TRIBUTE has been paid to a textile and costume designer from Keighley who worked on Oscar-winning movies and major TV productions.

Ruth Caswell – who was born, and lived for most of her life, in this area – has died aged 74 following a long battle against cancer.

After training as a costumier she went on to work at Glyndebourne Opera and became costume supervisor for Theatre 69 Company – which later formed the Royal Exchange Theatre in Manchester.

During her career she worked on films including Shakespeare in Love, Elizabeth and Dad’s Army, and was the textile advisor on BBC’s Pride and Prejudice.

In the 1960s Ruth had moved to London, when she met and married her actor husband Eddie Caswell.

She once said: "When we married and moved to London we had only £12.50 to our name so I made clothes in my back bedroom and sold them in Kensington Market on a stall next to Freddie Mercury’s. I delivered them on the 73 bus each Friday and they sold instantly."

Ruth's clothes were photographed for Vogue and she sold her garments to leading stores.

On her return to the Keighley area she also produced innovative designs for the bridal market.

Between 1986 and 1997 she taught at Bradford College, and inspired many students.

Amongst them was Vicki Wilde. She said: "Ruth made you believe that anything was possible. She had a work ethic like no other and I would marvel at the energy she would have for any project."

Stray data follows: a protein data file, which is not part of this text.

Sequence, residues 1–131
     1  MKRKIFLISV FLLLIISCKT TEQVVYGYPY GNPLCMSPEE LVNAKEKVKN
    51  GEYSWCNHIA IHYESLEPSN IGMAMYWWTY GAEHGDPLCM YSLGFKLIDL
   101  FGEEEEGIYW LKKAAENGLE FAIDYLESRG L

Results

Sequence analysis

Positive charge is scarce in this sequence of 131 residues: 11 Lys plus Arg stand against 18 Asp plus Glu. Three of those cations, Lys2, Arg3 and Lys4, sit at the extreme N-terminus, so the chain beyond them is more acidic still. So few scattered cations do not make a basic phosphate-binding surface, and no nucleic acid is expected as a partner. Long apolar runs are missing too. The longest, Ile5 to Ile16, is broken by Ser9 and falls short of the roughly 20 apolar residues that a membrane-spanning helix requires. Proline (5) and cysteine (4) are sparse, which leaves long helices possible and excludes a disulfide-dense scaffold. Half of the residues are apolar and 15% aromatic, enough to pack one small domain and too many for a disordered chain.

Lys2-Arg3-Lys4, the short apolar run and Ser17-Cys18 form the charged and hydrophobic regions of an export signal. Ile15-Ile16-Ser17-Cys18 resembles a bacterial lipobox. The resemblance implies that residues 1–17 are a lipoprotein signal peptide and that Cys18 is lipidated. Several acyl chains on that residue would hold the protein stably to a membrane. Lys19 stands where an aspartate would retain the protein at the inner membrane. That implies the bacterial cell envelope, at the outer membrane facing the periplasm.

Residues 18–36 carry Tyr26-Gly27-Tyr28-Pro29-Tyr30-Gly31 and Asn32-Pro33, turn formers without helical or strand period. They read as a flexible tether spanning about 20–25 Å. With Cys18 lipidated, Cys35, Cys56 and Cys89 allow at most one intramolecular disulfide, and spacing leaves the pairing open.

Whilst teaching in the School of Art, Ruth secured the future of the Bradford Textile Archive.

She received an honorary fellowship in 2016.

Ruth and her husband had moved to Wales in recent years to be closer to their children and grandchildren.

She became involved with the Ty Pawb Arts Centre in Wrexham. Latterly Ruth was working on an exhibition and whilst in hospital, just days before she died, was on the phone to curator Jo Marsh sharing ideas.

Friend Pam Brook says: "Ruth’s special capability with designing and making was also reflected in her abilities to relate to people. She had a very high profile nationally but has always worked with – and given to – her local community.

"She will be deeply missed by her husband, children and grandchildren, and by all those she came into contact with who couldn’t help ‘falling in love’ with her."